Not all of Mexico is warm and sunny — it actually can get pretty chilly, so don’t forget to pack the right clothes. We’ve got the packing tips you need to make sure you aren’t stuck wearing shorts and sandals in the cold.
You wouldn’t think sunny Mexico would be the place you’d pack long sleeved shirts and pants…or even a coat, but it can be. Of course, temperatures range depending on where you're volunteering, but for the most part, ILP volunteers are living abroad in the northern, central part of Mexico (near the mountains) where it can get cold, especially at night. Who knew, right?
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We’ve talked to past ILP volunteers to get the scoop on the best things to pack so you are prepared for whatever weather this country can throw at you.
How Cold Does It Get?
Again, things can vary depending on where you are volunteering, but here is some advice that may apply directly (or generally) to your ILP semester.
Volunteer Valerie M. said it was “WAY colder" than she anticipated. In the Guanajuato area, the temps range from the 40's (and below) to the 90's, depending on when you are there. Here's a general outline of the high's and low's per ILP semester:
- Fall Semester (August to December)
80's and 70's during the day, and mid 50's and 40's at night
Spring Semester (January to April)
Mid 70's to the mid 80's during the day, with low 40's or 50's at night
- Summer Semester (May to August)
90's and 80's for you in the day, and nights that dip to be in the low 60's or mid 50's.
Remember, these are averages and it has dropped to be in the high 30’s and low 40’s at night before….which is definitely not weather for shorts. Don’t end up like Hallie C. who only brought summer clothes for her summer semester and had to buy pants and hoodies over there.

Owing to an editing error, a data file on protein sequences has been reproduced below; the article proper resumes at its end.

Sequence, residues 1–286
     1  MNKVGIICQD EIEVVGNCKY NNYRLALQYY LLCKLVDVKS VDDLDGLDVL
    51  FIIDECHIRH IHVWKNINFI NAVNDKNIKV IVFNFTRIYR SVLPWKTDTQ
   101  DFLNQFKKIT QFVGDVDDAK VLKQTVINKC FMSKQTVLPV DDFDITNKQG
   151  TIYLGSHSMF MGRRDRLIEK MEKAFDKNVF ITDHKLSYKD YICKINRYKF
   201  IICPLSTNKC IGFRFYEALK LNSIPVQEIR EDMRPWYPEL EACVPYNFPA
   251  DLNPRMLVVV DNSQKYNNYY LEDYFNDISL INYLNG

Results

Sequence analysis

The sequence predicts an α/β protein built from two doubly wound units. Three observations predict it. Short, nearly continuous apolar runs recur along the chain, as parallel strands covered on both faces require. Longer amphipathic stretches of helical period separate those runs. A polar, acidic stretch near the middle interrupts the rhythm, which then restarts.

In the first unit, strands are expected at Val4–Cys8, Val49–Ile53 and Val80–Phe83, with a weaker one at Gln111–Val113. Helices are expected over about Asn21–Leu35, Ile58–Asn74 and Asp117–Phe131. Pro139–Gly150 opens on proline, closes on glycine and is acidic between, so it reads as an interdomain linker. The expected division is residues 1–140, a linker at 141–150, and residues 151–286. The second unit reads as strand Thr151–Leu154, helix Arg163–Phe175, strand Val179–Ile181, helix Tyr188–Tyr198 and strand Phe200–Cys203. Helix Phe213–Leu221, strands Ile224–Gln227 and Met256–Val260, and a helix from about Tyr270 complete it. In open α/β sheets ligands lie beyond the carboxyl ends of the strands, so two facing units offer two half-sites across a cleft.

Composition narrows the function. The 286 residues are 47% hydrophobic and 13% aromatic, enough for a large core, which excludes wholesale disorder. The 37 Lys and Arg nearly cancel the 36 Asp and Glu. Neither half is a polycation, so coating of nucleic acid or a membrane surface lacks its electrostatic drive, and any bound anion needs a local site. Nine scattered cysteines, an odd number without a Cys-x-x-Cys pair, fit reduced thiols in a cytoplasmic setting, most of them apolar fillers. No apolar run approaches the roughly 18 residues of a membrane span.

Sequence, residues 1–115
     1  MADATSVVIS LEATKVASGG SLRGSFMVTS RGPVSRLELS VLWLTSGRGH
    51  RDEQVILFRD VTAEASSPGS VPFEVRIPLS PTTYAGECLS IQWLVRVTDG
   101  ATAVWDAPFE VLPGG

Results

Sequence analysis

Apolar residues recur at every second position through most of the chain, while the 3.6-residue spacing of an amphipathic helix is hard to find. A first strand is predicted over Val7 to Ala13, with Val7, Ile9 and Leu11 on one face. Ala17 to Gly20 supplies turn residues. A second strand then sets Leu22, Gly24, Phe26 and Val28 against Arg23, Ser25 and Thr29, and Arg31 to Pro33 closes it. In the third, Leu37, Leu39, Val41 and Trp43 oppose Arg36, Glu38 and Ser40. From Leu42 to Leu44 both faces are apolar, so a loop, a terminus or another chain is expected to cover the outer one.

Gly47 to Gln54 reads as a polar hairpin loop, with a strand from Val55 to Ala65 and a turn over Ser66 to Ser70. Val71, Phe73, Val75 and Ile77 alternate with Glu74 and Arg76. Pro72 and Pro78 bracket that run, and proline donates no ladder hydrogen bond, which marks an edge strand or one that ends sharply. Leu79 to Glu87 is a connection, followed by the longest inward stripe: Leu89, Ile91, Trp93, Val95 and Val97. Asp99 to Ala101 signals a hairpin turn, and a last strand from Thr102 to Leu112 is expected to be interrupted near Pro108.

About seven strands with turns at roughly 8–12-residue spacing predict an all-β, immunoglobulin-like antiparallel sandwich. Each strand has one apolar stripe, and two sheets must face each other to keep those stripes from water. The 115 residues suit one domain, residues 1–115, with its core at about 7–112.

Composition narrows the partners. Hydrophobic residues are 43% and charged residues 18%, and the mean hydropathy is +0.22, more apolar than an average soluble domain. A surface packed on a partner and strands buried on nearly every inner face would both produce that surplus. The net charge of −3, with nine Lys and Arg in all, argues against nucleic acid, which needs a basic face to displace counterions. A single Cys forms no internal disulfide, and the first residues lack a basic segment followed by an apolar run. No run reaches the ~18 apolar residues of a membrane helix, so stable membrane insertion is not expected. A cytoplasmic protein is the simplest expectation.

To keep yourself warm, our volunteers say to pack like it’s a Utah fall if you're familiar with that. You may find days where it's warm enough for a t-shirt in the afternoon, but you'll want warmer layers for the early morning and evening.
How Should I Pack?
Here’s what Tiffany M. had to say “I was [in Mexico] last fall and wished I would of had more fall type clothes. Jackets, pants, sweats, long sleeves, etc.” Packing a wide variety of clothes for all temperatures and dressing in layers is going to be your best option; It can get chilly at night and in the morning, but once the afternoon hits, it can warm up quite a bit and you won't need those layers. Mexico also has a rainy season, which can make it feel even colder.
In July, the temperatures might be in the 80's, but it pretty much rains for half the days in that month. August and June are also pretty rainy which cools you off. Volunteers have said it's nice to have waterproof shoes for all the rain.
(And Maybe Bring A Blanket)
Most of the world does not have heat in every room, which makes for an icy bedroom on cold nights. Past volunteers in winter semesters have slept in socks and sweaters (and as many layers as possible) for the first while until the weather got warmer.
Another thing that helps is to bring a blanket — ILP supplies your housing which includes your bedding (no, you don’t have to pack sheets, blankets, pillows, and a mattress!), but a lot of volunteers find that having their own blanket that they're familiar with can be a comfort while you're away from home. It can also be nice to have if you're on an air conditioned bus ride.
But Don’t Forget To Pack For Warm Weather!
I know I said it gets cold in Mexico, but it’s not like you are living in the Arctic — it does warm up, too! Plus, you're going to vacation at warm beaches right?
Many people just assume living in Mexico means wearing shorts and sandals all the time, so we want to make sure you are actually packing for everything. Even where you will be teaching, it gets warm so pack for warm weather too, along with your layers. And you’ll probably be traveling and vacationing to places like Puerto Escondido where you can release little sea turtles — you'll want shorts and swimsuit alllllllllll week long.
Come to Mexico with us!
You'll spend a semester beach hopping, exploring the thick jungles (finding hidden swimming spots and ancient ruins on your way) and teaching English to the cutest little kids around.